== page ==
Master of Arts
Date of Defense
Professor Berit Brogaard
I argue that David Chalmers’s Conceivability Argument is just as easily applied to a physical account of consciousness as it is applied to dualism, which implies that the Conceivability Argument yields absurd conclusions. To do so, I give a physical account of phenomenal consciousness within the brain, and then argue that conceiving of zombies is begging the question. I also suggest that because I have a plausible account of phenomenal consciousness based within the physical, such a consciousness is just as conceivable as a zombie would be in the Conceivability Argument. As I have given a conceivable account of physical phenomenal consciousness, one can use the Conceivability Argument for both a dualist and non-dualist account of consciousness.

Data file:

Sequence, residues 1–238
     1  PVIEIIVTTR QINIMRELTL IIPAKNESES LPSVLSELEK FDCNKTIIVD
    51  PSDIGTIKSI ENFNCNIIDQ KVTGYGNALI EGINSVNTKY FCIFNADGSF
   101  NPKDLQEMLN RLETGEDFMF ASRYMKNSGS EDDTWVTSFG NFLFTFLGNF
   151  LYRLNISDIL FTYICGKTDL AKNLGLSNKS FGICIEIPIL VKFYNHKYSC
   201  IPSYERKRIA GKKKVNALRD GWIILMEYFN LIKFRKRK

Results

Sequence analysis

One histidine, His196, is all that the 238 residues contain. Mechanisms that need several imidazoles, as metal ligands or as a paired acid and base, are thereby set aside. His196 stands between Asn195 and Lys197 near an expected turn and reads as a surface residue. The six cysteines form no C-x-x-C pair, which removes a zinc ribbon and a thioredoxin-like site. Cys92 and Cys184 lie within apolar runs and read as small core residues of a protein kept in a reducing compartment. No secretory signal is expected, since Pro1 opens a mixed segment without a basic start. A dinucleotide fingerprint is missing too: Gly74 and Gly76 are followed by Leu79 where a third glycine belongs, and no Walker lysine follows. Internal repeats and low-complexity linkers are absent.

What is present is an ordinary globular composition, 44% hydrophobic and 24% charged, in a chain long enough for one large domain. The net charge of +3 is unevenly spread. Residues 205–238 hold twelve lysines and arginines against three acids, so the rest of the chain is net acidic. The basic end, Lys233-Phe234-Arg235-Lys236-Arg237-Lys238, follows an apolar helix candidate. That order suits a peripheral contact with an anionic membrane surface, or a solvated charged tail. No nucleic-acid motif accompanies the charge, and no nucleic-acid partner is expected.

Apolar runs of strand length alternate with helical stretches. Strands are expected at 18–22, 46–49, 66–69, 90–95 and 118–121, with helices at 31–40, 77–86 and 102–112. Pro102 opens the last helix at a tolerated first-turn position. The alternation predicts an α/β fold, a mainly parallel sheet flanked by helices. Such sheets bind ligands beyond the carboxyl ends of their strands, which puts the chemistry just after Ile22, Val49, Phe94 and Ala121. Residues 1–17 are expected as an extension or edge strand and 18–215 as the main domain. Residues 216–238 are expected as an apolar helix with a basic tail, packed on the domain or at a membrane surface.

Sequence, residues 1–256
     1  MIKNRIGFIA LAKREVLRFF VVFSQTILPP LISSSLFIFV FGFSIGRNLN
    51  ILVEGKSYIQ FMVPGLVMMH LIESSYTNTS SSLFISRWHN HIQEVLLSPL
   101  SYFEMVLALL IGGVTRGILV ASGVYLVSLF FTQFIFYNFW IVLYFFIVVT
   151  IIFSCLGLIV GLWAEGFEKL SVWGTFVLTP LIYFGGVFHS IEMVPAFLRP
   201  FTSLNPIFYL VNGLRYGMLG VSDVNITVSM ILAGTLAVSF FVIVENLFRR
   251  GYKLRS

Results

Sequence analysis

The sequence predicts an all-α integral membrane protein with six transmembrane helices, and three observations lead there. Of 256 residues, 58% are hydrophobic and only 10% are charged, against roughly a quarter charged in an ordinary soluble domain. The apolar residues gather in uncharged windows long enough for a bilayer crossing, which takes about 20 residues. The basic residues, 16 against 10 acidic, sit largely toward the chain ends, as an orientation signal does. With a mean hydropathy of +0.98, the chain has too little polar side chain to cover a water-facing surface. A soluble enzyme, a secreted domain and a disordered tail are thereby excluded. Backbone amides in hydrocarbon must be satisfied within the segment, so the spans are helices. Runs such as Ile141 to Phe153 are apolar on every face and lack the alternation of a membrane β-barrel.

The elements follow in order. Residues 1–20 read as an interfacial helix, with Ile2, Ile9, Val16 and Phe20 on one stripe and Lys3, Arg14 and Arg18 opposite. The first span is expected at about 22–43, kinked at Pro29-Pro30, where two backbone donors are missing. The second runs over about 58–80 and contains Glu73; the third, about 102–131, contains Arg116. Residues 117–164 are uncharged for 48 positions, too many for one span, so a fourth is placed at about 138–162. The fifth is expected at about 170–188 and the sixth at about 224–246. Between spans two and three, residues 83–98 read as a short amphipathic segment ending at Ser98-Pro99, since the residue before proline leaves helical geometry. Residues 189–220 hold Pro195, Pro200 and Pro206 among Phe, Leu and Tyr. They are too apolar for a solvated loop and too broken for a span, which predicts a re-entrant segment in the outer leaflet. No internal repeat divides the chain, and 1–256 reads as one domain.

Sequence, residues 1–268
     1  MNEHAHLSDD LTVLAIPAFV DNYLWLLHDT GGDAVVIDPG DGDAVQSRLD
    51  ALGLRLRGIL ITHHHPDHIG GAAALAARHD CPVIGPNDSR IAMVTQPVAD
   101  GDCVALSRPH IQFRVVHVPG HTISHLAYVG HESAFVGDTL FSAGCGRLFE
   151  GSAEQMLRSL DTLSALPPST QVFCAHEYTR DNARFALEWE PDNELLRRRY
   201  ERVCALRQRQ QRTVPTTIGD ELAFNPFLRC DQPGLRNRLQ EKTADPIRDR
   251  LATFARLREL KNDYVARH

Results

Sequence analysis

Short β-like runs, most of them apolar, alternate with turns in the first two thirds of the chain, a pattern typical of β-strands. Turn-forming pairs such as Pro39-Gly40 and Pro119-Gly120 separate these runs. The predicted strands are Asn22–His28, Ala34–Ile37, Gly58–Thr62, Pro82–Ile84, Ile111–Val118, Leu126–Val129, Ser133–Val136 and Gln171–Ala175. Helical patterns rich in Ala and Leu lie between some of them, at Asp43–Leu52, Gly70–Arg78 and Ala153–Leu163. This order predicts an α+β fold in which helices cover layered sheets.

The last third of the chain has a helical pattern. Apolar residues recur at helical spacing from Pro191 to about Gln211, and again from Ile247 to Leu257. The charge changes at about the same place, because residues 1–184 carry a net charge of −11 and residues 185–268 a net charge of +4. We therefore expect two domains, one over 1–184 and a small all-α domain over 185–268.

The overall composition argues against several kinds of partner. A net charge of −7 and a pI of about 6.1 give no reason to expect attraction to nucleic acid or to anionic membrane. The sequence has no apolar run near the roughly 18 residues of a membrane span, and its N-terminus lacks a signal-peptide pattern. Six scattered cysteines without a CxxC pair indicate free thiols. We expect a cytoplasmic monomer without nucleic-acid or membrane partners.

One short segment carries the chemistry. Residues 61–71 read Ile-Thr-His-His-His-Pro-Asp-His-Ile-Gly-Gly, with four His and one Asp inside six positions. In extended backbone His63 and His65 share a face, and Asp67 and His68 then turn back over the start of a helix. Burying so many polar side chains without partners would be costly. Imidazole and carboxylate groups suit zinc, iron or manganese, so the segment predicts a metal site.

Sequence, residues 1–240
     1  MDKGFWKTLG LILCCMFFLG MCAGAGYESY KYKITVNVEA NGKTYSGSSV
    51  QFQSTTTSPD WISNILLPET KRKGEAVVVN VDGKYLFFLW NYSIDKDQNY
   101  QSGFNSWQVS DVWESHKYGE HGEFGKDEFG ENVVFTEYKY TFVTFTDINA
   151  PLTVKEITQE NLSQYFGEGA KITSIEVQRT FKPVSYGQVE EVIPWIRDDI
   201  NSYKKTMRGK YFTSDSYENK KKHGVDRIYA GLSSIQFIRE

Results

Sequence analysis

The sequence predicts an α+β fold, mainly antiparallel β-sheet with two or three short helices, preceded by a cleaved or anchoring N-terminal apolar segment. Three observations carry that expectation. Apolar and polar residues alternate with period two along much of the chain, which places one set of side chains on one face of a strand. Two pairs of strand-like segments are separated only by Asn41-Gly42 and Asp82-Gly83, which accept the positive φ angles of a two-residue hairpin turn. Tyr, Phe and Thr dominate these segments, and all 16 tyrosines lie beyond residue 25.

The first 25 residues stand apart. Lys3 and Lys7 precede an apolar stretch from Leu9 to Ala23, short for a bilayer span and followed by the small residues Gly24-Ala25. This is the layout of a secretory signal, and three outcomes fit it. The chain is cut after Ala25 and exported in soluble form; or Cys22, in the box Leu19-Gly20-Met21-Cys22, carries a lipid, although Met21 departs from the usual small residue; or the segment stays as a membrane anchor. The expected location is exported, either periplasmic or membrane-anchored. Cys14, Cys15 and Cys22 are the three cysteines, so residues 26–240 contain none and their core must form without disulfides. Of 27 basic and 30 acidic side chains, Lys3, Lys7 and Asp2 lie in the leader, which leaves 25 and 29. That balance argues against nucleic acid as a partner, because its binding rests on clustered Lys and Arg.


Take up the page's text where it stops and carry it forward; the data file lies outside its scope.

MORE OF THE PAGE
Owen, Christopher John, "A Physicalist Account of Consciousness and the Conceivability Argument" (2013). Theses. 188.